Nausheen Pasha-Zaidi’s first novel The Colour of Mehndi (2006) examines the life of a young Pakistani American woman battling depression. Her social obligations and her own interpretations of her duties to her family, together with the societal stigma against mental health issues, drives Nazli, the main protagonist to suicide. The protagonist, who struggles to maintain her myriad responsibilities to her family and her community, finally succumbs, not only because the demands were high, but also because her cries for help are ignored. By narrating the story through recollections – Nazli’s records of her life in emails and tape recordings – Pasha-Zaidi reveals the unseen pressures of balancing both the American way of life and Pakistani Muslim traditions when individuals lack inner strength and familial support. The subtle criticism against stereotyped expectations – to appear fragile and submissive” while at the same time being a competent career woman: to be an American and a tradition abiding Pakistani Muslim at the same time – comes through Nazli’s life and its many tribulations.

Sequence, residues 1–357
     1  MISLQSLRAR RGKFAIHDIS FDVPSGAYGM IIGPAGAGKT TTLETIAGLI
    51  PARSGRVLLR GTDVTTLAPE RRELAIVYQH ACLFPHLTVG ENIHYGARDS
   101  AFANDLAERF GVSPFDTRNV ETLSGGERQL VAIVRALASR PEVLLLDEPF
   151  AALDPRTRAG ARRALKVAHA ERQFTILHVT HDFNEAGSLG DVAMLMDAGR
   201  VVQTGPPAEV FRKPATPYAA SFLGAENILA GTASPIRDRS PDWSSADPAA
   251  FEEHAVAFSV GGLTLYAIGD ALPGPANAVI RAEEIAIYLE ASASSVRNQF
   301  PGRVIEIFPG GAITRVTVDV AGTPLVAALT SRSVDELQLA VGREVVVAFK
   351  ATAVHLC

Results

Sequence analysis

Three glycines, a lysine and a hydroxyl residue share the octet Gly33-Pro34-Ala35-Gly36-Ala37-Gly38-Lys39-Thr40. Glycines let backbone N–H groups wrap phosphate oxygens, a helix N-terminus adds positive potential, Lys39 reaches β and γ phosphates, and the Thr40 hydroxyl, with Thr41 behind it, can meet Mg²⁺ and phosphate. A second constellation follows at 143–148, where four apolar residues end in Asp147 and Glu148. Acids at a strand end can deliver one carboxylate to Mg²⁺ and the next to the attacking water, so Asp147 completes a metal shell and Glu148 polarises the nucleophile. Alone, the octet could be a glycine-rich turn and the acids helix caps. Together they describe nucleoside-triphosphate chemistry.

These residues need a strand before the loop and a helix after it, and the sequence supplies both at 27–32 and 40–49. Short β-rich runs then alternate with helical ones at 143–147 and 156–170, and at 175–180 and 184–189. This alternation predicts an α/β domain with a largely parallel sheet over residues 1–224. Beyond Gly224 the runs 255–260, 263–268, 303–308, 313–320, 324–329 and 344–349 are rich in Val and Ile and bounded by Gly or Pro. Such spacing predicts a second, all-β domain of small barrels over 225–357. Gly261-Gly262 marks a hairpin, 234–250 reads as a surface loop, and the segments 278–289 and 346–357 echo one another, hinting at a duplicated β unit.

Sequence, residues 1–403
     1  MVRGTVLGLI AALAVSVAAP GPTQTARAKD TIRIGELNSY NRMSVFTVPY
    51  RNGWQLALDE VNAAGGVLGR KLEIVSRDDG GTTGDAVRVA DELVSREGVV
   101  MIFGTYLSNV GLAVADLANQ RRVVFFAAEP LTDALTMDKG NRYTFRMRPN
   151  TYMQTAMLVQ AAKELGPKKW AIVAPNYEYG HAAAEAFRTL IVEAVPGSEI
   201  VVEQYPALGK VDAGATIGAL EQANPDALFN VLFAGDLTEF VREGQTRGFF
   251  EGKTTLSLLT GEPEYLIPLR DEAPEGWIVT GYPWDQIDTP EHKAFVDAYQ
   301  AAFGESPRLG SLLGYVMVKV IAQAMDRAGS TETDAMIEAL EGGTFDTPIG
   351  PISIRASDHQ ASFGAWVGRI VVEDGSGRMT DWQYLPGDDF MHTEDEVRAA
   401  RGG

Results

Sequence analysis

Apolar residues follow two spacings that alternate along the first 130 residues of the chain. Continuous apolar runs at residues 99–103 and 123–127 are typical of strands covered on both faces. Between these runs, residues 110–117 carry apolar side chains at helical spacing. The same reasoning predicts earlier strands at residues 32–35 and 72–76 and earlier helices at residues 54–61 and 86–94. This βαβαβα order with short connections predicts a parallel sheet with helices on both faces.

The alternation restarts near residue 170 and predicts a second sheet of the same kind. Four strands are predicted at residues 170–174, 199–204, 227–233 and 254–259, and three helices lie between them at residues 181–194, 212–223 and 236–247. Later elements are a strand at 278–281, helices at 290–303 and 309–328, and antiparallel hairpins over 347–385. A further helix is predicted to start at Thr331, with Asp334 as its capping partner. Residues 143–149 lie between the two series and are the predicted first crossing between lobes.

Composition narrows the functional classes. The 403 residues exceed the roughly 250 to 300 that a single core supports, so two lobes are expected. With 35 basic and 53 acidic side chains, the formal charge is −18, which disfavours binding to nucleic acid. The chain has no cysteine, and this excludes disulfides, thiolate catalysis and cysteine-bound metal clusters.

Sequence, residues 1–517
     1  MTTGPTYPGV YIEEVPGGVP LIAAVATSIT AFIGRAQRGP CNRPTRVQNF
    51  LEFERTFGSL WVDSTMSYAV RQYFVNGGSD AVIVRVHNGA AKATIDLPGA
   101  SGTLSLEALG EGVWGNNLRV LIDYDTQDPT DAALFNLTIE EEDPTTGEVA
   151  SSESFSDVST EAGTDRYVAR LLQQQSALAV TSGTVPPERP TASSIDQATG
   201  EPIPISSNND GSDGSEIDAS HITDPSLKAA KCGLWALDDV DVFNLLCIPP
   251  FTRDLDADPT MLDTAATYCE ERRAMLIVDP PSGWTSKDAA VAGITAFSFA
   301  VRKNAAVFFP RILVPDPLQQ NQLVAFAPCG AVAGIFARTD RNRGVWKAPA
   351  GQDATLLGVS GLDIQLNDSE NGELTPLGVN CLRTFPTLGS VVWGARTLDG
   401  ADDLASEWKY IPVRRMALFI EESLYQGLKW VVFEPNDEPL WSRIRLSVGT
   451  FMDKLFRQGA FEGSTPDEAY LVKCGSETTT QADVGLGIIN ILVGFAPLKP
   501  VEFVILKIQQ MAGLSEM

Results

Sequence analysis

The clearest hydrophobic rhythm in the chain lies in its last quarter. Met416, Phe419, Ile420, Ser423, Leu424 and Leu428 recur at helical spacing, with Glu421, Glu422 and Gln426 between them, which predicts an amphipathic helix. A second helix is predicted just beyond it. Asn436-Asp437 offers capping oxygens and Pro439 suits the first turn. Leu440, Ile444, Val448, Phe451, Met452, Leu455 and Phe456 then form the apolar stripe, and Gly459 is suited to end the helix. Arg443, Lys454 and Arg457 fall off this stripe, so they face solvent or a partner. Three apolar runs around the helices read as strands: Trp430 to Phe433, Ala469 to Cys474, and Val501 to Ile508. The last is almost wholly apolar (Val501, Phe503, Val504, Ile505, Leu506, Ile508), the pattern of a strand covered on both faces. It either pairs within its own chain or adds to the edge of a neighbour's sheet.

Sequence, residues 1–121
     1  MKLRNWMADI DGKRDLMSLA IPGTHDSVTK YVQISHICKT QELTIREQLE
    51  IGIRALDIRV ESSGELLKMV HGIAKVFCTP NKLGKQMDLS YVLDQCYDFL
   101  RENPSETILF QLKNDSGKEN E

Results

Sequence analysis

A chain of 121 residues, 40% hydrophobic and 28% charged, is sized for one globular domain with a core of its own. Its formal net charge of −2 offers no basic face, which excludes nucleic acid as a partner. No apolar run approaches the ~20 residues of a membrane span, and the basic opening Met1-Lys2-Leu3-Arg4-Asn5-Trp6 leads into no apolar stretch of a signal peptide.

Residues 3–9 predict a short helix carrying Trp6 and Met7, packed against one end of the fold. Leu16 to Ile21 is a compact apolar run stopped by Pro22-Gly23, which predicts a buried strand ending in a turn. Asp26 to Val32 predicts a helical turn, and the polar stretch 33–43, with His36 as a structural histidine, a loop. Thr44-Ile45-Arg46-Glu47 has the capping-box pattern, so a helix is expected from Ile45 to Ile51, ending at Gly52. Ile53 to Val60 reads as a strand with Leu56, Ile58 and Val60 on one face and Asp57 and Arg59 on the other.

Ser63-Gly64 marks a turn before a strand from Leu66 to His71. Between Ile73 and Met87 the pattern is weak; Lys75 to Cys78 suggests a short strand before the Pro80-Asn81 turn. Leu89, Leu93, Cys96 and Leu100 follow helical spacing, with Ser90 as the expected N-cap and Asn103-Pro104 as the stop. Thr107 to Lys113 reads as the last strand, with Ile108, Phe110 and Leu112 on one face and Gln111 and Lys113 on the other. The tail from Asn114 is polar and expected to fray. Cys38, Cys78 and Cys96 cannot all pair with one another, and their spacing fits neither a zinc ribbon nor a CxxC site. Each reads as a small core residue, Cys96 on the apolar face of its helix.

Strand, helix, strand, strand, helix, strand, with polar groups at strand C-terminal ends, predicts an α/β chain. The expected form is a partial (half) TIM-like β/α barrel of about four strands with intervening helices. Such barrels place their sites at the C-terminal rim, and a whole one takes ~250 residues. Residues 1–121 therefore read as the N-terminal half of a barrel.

Shaila Abdullah’s debut novel, Saffron Dreams (2009), explores the life of a young Pakistani American woman in the aftermath of 9/11 and the loss of her husband. Socio-cultural challenges of being a single parent to an autistic child, and the emotional trauma of losing her husband in a place where she is treated as the Other is portrayed through Arissa, the main protagonist. Arissa, facing racial discrimination and distrust due to her hijab, decides to change her life and carve out her own niche while balancing her many responsibilities. Her journey from being a frightened, recently widowed young woman to an independent working woman in America displays her own strength as an individual. At the same time, the novel examines the importance of socio-cultural networks of family, friends and communities that assist Pakistani American women in their passage to becoming American: by “fit[ting] two lands in [their hearts and lives and loving] them equally.”
While both Pasha-Zaidi and Abdullah write about immigrant women’s experience in America, Nafisa Haji presents the call of the roots and conflicting cultural affiliations of a second-generation young Indo-Pakistani American woman’s experiences through her debut novel The Writing on My Forehead (2010). Family secrets, re-visiting the past, and reconciliation with the renewed Otherness that was thrust on the second-generation of ethnic American groups, especially those belonging to Islamic faith in the aftermath of 9/11, are traced through the novel. One young woman’s journey to reveal her family’s secrets and understand her roots becomes a socio-cultural passage to understand Pakistani identity, and second-generation Pakistani American identity.